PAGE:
Hollywood Program

Hollywood Program FAQs

  • What are the dates of the Penn State Hollywood program?
    The program coincides with the spring academic semester at Penn State, running from January through May.
  • What kinds of internships will be available?
    The entertainment industry provides a vast array of opportunities that would meet the interests of students in any College of Communications major. Students might intern in production or post-production. Many, if not most, of the television shows you enjoy are produced, at least in part, in the Los Angeles area. Of course, Hollywood is the film capital of the world. And that's just the tip of the iceberg. Students majoring in public relations or journalism might find work in the entertainment publicitiy field working for a network, a particular show, a studio or an independent firm. Los Angeles is the second-largest TV market in the country, so student looking to work in television (including news) will find opportuniites at several networks or network owned-and-operated TV stadions. For those looking to get into the "business" behind the entertainment business, such as entertainment law, programming, talent agencies (just to name a few) myriad opportunities exist. Advertising majors looking for opportunities in the creative side of the field will find that Los Angeles is the site of much television commercial production -- and ad agencies and creative services divisions of television sstations creat a great deal of those spot. Again, this is just a glimpse of the opportunities available, and when music, online and video game opportunities are added to the mix, the possibilities are limitless.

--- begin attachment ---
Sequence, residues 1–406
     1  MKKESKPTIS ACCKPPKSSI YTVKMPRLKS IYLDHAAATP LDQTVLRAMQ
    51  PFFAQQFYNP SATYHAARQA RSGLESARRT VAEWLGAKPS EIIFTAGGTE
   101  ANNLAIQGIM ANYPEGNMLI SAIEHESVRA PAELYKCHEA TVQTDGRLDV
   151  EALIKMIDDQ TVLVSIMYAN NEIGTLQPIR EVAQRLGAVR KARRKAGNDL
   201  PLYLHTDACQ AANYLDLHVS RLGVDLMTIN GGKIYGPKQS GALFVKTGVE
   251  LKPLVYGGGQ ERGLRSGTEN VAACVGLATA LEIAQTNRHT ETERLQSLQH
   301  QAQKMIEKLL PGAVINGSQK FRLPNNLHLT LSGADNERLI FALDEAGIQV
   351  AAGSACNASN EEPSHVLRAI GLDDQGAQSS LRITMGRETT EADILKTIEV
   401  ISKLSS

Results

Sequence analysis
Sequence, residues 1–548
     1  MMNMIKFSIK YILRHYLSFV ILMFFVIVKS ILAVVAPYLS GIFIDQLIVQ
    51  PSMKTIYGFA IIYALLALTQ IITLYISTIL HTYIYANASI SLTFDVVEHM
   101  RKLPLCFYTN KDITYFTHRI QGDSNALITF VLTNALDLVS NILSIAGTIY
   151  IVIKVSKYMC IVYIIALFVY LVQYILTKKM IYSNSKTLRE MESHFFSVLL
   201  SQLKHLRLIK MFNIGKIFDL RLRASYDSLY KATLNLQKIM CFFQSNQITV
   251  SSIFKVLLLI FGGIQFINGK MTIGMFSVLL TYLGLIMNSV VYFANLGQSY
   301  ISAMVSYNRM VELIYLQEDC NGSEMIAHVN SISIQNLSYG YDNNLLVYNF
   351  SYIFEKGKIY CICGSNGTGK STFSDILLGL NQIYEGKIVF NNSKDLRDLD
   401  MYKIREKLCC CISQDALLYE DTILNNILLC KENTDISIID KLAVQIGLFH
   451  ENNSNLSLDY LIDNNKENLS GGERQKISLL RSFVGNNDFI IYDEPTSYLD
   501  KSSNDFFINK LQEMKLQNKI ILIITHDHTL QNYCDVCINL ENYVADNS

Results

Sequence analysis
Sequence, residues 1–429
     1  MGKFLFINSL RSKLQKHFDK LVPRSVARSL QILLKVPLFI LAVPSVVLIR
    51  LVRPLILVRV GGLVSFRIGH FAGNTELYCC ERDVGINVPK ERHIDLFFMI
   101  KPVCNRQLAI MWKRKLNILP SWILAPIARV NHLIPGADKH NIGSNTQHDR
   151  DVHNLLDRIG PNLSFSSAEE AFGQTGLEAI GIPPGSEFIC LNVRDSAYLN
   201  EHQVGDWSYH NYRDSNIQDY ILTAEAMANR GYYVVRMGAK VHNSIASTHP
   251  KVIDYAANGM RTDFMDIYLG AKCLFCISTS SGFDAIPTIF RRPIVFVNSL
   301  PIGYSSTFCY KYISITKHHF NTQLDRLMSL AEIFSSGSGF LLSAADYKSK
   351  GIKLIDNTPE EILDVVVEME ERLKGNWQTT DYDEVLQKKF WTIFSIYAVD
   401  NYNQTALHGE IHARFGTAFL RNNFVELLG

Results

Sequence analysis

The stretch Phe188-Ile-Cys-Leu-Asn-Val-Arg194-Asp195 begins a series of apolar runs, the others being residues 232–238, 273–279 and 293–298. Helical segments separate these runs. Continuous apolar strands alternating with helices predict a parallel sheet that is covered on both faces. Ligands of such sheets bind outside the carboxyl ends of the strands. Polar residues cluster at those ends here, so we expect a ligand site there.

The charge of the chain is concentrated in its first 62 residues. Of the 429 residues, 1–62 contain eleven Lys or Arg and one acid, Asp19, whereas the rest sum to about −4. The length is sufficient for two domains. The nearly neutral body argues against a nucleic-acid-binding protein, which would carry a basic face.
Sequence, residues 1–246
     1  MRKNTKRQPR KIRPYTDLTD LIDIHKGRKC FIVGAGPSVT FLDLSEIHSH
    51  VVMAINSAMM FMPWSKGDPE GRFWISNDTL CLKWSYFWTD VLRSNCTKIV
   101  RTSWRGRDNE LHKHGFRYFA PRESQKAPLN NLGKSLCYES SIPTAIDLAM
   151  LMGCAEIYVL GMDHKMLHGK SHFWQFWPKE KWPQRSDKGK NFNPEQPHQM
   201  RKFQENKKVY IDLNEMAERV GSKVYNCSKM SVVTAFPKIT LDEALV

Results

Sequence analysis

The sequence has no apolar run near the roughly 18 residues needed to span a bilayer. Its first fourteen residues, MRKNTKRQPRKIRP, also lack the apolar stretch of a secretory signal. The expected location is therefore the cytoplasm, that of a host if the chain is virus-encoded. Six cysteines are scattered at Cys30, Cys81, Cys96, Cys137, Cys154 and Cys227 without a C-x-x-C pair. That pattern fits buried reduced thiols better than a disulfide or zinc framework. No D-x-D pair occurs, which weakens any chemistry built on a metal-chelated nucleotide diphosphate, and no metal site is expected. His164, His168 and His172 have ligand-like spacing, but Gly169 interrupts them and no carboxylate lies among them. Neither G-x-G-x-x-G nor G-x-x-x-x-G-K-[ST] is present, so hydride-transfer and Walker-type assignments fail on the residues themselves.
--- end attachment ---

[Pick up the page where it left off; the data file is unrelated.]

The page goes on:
• Does the Penn State Hollywood Program guarantee students an internship?
    Utilizing an enthusiastic network of alumni and internship partners in the Los Angeles area who appreciate the reputation of Penn State and the College of Communications, the program has abundant interest from potential internship sites. As a result, the Penn State Hollywood Program guarantees selected students an internship role related to their professional field of interest. The scope of a student’s targeted professional field is determined during the application and interview processes. The Penn State Hollywood Program does not guarantee students internship roles at specific organizations because hiring decisions are made internally within each organization.
  • Are students required to receive academic credit for internships?
    No, but some organizations may require students to take at least one internship credit in order to comply with labor laws if no other form of compensation is made available.
  • Are internships paid?
    Many internships in the entertainment industry and related fields are unpaid and the internship coordinator does not use compensation as a criterion in student internship searches. Some students may receive small stipends for their work, but students should not expect them.
  • Are students able to work part time outside of their internships to earn extra money?
    Yes. If it does not conflict with their internship commitment, Penn State Hollywood Program students may secure part-time work to generate income.